Tuesday, November 30, 2010

C++ Classes, Darwinism, Strict/Unstrict Constructivism

C++, the first language to really make encapsulated object-oriented work hand in hand with primitive (and fast) C types.

Object-Oriented, the idea that in programming, tasks or entities, blobs or situations, can all be encapsulated in classes that manage themselves; a class has a private, internal cellular auto-environment. Object-Oriented is a good way to prevent bugs in programs, as well as ramp up complexity by spawning dynamic forms.

However, much emphasis is placed on the idea of inheritance, as part of a crusade to find the common ancestors of all situations in a category. This "ur-situation" is placed at the top (or bottom depending how you look at it) as an abstract (in Javanese) class with virtual methods, to be defined by its inheritors.

Inheritors, we hear, and we think of things like Southern White Plantations, Paris Hilton, Emperors, etc. Momus, the singer/song/thinker has written a wonderful essay on Darwinism, trying to expiate the man's theories from strict interpretation as "hierarchical". "Voyage on the Beagle" was Darwin's time studying the birds of Galapagos, who had played their own game of life on the island, bouncing colors and beak-shapes from one side to the other. Darwin was led to conclude that it "is impossible to put one species above the rest", shunning the Strict Constructivist thinking of Lamarck, the idea of progress, and perhaps even the idea of the ur-whatever.

But Strict Constructivism lives on; remember 2002, George W. Bush defining his own personal brand of S.C.. Un-Strict Constructivism is more creative, and emphasizes divergence into multiplicities. The Galapagos Syndrome: species evolving independently and creatively because they are in an isolated "petri dish" environment, allowed Darwin to absorb evolution in a holographic, or nonlinear time-form. http://imomus.com/indexholidays.html He also compares Japan to Galapagos, an island that has created a wonderfully self-referential culture.

Thus I have come to put less emphasis on ancestro-lineal inheritance in C++. This is hard to do, for I was taught to create abstractions. I still do, but more than worrying about inheritance and a common ancestor, I think about connections, relationships. Forexample, in JUSTINTS, within a ChubberySituation there are SponGinger, RoyalMinister, and Barre, in a complex relationship, where they hold each other and also interact with a cloud of interlinked RatChords. These classes, are balanced by how much code density they have, in an attempt to split code up equally between multiple characters based on their role.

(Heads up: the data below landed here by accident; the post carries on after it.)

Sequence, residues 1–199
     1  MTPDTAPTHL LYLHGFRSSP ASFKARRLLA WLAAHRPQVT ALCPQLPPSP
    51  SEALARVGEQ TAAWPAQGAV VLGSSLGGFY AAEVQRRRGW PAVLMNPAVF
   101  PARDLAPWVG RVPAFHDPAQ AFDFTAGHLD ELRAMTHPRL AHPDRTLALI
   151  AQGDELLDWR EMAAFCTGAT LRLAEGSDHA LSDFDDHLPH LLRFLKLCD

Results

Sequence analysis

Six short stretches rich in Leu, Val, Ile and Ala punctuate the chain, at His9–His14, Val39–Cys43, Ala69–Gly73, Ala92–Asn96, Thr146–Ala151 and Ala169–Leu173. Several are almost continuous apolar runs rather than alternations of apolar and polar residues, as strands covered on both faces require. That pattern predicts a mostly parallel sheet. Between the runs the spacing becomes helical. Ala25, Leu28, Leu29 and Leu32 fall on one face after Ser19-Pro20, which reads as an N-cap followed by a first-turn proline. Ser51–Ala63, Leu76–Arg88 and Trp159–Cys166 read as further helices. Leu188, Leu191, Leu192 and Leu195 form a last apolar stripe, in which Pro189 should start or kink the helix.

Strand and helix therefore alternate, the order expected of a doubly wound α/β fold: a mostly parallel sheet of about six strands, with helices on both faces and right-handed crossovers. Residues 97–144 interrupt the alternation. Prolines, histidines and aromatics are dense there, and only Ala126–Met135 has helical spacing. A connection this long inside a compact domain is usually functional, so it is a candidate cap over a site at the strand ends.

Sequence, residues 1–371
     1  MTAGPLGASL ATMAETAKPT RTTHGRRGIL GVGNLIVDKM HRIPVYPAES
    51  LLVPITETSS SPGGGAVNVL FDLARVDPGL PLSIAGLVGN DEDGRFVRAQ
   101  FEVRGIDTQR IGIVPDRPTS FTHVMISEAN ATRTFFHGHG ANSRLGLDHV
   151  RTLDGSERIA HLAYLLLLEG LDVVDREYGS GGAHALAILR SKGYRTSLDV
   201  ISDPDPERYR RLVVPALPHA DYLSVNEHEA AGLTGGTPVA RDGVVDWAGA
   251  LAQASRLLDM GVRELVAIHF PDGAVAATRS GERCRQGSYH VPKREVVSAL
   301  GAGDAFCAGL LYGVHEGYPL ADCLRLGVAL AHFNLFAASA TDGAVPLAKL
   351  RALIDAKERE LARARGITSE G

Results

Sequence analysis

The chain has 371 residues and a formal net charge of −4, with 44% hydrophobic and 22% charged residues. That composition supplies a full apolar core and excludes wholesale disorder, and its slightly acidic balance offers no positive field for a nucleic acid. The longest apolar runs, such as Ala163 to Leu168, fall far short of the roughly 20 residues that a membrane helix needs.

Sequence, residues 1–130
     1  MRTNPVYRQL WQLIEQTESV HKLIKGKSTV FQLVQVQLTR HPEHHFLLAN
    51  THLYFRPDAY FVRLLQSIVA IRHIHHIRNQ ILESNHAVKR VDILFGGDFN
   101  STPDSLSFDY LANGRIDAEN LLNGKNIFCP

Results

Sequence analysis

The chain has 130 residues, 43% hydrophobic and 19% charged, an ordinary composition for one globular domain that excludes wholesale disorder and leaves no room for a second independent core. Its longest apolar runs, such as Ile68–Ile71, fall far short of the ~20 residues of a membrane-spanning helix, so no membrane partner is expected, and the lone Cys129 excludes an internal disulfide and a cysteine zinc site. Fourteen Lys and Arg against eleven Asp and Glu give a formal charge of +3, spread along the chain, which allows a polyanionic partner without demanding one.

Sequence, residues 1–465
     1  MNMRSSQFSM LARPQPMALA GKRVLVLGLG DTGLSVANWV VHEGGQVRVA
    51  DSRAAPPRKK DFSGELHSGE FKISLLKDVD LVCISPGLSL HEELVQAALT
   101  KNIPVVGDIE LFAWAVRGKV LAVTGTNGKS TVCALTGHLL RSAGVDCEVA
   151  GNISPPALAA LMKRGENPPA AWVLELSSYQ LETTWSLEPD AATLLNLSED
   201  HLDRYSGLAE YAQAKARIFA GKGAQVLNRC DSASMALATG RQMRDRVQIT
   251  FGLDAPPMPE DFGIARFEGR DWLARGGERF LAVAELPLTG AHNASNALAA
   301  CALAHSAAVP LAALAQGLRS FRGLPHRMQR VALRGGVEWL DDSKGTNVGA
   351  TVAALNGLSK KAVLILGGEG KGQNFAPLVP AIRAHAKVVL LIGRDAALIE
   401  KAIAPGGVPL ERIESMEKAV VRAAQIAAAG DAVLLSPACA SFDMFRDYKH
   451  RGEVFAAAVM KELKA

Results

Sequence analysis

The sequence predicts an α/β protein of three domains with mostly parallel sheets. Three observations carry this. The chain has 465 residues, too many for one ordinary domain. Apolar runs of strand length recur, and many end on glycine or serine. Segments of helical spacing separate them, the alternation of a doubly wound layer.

Yes, perhaps if we think of "Dramatic C++", we could think of our classes as "actors playing roles", a king, queen, court orchestra, fool, a reference array of the dukes, barons, and church officials, arranged by tax brackets, the various guilds, organ makers, oscillators. The code should oscillate as a fast virtual version of the yearly and seasonal cycles of this virtual stage.

Writing code here is an act of Shakespearean creativity, filling roles to the brim with meaning. It is as a result of loosening up and pursuing Un-Strict Constructivism.

Only when the actors are comfortable with their parts, then can we talk about Lineage, the idea of multiple kings with the same name, Richard III, Richard V, the idea that an essence of kingliness, or with an emperor godliness, is abstracted and precedented by the ancestors.

Actually thinking about ancestry can be a very philosophical experience. Lamarck drew charts that started with a sole ancestor and end with many species, the typical school-child's view of evolution. This is arborescent thinking, to use a Deleuzian term. But actually, remember we have just as many ancestors as we have inheritors. It goes backwards too. This is hardly covered in C++, but many languages have tried to create multiple ancestors that can come together in the same class, using labyrinthine techniques such as interfaces, templates, and so on. This is trying to make something hierarchical into a rhizomal environment (to use another Deleuzian term). It is actually very hard to make rhizomal code, but it is where the gold is at, for it allows your users to have a holographic experience. To do it with inheritance would be to make all sorts of funny things such as the Oedipus syndrome, rings of inheritance, multiple diverse ancestors, convergence.

This would be a Post-Lamarckian situation, for again, "the usage of post as a prefix shall indicate that we are neither fans or haters of whatever it is; we can basically exploit the dialectic between the presence of whatever it is and the complete negation also". Id Est, we return to inheritance as a "wonderful" synthetic concept, used among the characters to portend a sense of deep-time, or grandeur, or profound, mixed with Darwin's "play within a play", the virtual stage of converging relationships.

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